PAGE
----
Saturday, November 14, 2009

Pascal: Geometry, Finesse and Which is Which

Nearly 400 years ago, the French philosopher and mathematician Pascal posited two ways of knowing about the world...two fundamental capacities of the human mind. One he called the "geometrical bent", meaning the capacity to break things down, analyze, calculate, predict with precision, and apply unalterable principles such as those that characterize mathematics and (with some limits) the physical sciences.

The second human capacity he called (pardon my French) 'esprit de finesse', which Jacques Barzun (whose essay 'Culture High and Dry' informs this posting) translates as 'intuitive understanding'. Intellectual finesse (which seems to me closer to what Pascal called it) is necessary for understanding and succeeding in those areas of human endeavor that do not lend themselves to measurement, analysis, calculation, precise prediction and the application of unalterable principles. Finesse is necessary to the apprehension of those things that can't be 'broken down' (the literal meaning of analysis), rearranged and improved through engineering.

What could be more evident than that education is an endeavor of this second sort? What could be ironic than that contemporary educators somehow became so enamored of Pascals 'geometric bent' that they continually misapply it to an endeavor that he himself would have said was clearly a matter of 'esprit de finesse'? A geometry of teaching? A science of education? An utterly preposterous, though clearly profitable, notion. Charlatans playing on the fears and anxieties of parents and governing boards are all too ready to insist that a geometry of education is not only possible but is (forever, it seems) just around the corner as the result of each year's revolutionary new scientifically-based methods of delivery! Today they even offer it over the internet!

But what about the criterion of predictability? At what point does generation after generation of abject failure add up to evidence that the 'geometry of education' possesses no predictive power and is therefor (by it's own standards) a failure? When do we admit that such an approach has borne no fruit for decades and holds no promise for the future? Why do we cling so desperately to a failed model (all in the name of Continuous Improvement!)?

I suggest that it is because the alternative is unthinkable, and perhaps in two senses of that word.

First, it is politically unthinkable because a reliance on the experience, judgment and (yes) finesse of expert teachers strips the state of the appearance of control over the process. ODE, TSPC, Schools of Education, all depend on the myth that teachers and teaching can be mass-produced in accordance with the principles of scientific management. The unfortunate thing about the current level of state control is that while government agencies have some control over the behavior of some of the adults (mostly the administrators and support staff at district offices) they clearly have no control over the quality of education or the experience of the students in our schools. Still, this appearance of control evidently plays an important role in someone's thinking about how 'the education question' ought to be addressed. (That they can only address 'the education question' and not education itself ought to be apparent from the lack of progress over the past 20 years).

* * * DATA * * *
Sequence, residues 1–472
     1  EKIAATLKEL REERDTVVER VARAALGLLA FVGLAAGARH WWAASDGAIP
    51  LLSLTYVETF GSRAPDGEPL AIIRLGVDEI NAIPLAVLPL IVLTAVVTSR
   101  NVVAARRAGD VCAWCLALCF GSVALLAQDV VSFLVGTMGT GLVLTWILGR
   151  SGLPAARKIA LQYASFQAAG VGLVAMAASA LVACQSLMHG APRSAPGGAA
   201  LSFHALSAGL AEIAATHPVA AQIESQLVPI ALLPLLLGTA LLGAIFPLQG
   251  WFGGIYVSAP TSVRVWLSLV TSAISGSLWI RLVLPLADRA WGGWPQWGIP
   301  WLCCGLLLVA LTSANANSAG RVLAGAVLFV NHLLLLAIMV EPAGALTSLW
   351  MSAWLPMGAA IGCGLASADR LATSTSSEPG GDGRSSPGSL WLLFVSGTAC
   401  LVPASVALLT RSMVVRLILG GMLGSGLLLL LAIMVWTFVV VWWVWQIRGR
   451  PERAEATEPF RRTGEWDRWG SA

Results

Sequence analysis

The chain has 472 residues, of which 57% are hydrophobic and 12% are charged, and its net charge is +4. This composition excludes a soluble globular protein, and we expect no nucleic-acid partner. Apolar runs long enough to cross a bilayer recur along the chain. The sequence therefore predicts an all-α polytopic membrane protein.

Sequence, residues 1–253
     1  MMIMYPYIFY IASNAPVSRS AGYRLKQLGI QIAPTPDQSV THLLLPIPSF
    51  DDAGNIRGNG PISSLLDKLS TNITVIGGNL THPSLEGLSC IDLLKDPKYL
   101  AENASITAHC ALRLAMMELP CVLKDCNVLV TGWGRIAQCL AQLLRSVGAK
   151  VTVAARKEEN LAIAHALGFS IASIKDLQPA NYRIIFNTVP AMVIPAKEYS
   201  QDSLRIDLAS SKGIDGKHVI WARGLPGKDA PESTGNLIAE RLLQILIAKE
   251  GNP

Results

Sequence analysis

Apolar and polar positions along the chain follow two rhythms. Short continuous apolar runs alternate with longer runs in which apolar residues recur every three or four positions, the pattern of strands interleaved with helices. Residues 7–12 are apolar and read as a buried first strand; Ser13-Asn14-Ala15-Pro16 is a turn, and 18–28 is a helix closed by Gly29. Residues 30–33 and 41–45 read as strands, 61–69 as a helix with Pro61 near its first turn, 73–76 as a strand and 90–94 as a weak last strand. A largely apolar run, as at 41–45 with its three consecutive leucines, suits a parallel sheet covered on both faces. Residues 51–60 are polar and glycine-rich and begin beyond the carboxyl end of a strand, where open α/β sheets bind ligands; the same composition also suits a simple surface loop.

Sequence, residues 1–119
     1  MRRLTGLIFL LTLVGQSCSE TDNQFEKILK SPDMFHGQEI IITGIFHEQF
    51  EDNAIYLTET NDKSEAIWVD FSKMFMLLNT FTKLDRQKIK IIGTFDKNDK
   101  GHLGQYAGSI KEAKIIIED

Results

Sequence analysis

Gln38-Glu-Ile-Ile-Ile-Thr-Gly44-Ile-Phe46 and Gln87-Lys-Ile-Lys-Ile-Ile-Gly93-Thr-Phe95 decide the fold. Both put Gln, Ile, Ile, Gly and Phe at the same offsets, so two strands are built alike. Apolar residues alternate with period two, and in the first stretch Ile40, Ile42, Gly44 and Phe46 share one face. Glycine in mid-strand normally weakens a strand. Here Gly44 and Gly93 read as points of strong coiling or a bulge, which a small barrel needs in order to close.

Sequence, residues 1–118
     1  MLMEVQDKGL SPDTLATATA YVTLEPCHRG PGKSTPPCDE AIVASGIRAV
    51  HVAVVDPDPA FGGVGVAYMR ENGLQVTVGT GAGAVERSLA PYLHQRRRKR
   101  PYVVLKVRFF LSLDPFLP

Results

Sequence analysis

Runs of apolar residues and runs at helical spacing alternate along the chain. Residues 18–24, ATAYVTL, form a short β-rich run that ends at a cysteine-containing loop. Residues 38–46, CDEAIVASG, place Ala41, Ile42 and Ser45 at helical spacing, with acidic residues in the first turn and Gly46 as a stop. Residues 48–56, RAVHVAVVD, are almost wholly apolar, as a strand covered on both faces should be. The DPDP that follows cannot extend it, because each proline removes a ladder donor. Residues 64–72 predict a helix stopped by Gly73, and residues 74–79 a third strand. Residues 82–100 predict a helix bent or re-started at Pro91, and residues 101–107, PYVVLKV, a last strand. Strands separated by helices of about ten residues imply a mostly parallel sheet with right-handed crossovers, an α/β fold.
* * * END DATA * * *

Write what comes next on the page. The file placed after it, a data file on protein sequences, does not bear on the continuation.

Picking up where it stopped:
Second, perhaps finesse with regard to education is simply outside the experience of the current generation of 'deciders'. The illusion of scientific management, which was born outside of education, can be learned elsewhere, imported, and easily (mis)applied to schools and schooling. It requires no knowledge of education per se. Perhaps those who (whether from inside or outside the field) understand so little about education as to imagine that it can be scientifically managed are simply incapable of rethinking schools as places where finesse drives success. Perhaps they have never seen success up close, thus their infatuation with 'improvement' and their despairing of real results.

But even given all of that, why the appeal to Pascal? What makes him a reliable guide? Is this just a case of dragging up the name of some old European because he supports my take on things? Maybe. But Pascal understood 'the geometrical bent' that drives education policy today. And he could have predicted that it's application to education would produce disastrous results. It has. And he proposed an alternative way of thinking about problems that don't lend themselves to technical/geometrical solutions. What Pascal called 'intuitive understanding' is a viable alternative to what has repeatedly proved to be a failed stance toward education. Maybe it shouldn't matter that he wrote nearly 400 years ago. Maybe it should matter more that he appears to have been on to something that we have missed to the detriment of our kids. Maybe we should take a break from planning and think instead. Every year that we delay, we misdirect hundreds of millions of dollars toward wasteful activity and we fail to keep the promise that we make to our children each time we invite them to spend a day at school.

We can do better. But if we lack the commitment to revisit some basic assumptions then we must continue to grind inevitably toward to the same failed conclusions that got us to this point. That's not going to be good enough. That's not going to be good enough even if there is adequate funding for education over the next three years. Given the more likely scenario of near-historic shortfalls, the risk represented by a commitment to the educational status quo is simply unacceptable. We may not, in either practical or moral terms, fail to change.